Inman Park

Historic Inman Park is Atlanta’s first planned community and one of the country’s first garden “suburbs”, developed in the 1880s by entrepreneur Joel Hurt. Hurt also formed one of the nation’s first streetcar systems to connect Inman Park to Downtown Atlanta. The trolley route ended at the Trolley Barn, which still stands today on Edgewood Avenue, a block from the Inman Park MARTA station.

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The Atlanta Constitution in 1896 grandly described Inman Park:

“High up above the city, where the purest breezes and the brightest sunshine drove away the germs of disease, and where nature had lavished her best gifts, the gentlemen who conceived the though of Inman Park found the locality above all others which they desired. It was to be a place of homes, of pretty homes, green lawns, and desirable inhabitants. And all save those who would make desirable residents have been excluded…” “It’s the prettiest, highest, healthiest and most desirable locality I ever saw. Everybody is friendly and neighborly. There are no negroes and not a single objectionable inhabitant. And as far as accessibility it ranks second to no residence portion of the city. We have three car lines and frequent schedules.

During the last weekend of April every year, Inman Park hosts a neighborhood festival featuring a street market, parades, live music and more. The Festival centerpiece is the Tour of Homes, featuring turn-of-the-century Victorian Painted Ladies and Craftsman bungalows, original contemporary designs and loft conversions. Inman Park residents also enjoy pedestrian access to the shops, restaurants and pubs of Little Five Points.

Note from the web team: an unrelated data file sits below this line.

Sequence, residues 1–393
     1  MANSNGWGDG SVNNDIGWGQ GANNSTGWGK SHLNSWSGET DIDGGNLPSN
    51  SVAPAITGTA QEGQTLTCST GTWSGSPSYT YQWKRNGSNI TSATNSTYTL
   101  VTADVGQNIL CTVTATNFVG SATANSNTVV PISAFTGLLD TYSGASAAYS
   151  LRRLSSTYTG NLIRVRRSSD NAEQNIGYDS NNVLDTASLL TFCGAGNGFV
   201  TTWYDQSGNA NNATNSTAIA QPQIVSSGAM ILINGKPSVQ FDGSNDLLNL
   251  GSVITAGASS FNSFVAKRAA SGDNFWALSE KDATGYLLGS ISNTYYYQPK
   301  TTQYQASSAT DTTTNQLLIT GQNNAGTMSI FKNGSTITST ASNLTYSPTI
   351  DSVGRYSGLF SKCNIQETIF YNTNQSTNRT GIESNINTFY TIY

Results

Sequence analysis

Inman Park is bordered by:

  • the BeltLine trail on the west, across which lies the Old Fourth Ward
  • Freedom Parkway on the north, across which lies Poncey-Highland
  • Moreland Avenue on the east, across which lies Candler Park
  • DeKalb Avenue on the south, across which lie Cabbagetown and Reynoldstown

Little Five Points district is located where Inman Park and Candler Park meet at Moreland Avenue and Euclid/McClendon.

Zip Codes: Inman Park lies in the 30307 zip code and a very small southern portion of the neighborhood is in the 30316 zip code area.

Search Inman Park homes for sale by clicking here.

When you are looking for a single family home, townhouse, condo, or investment property in Inman Park, call Karen Kelly of Real Atlanta at (404) 564-2609 or email: karenkelly@kw.com

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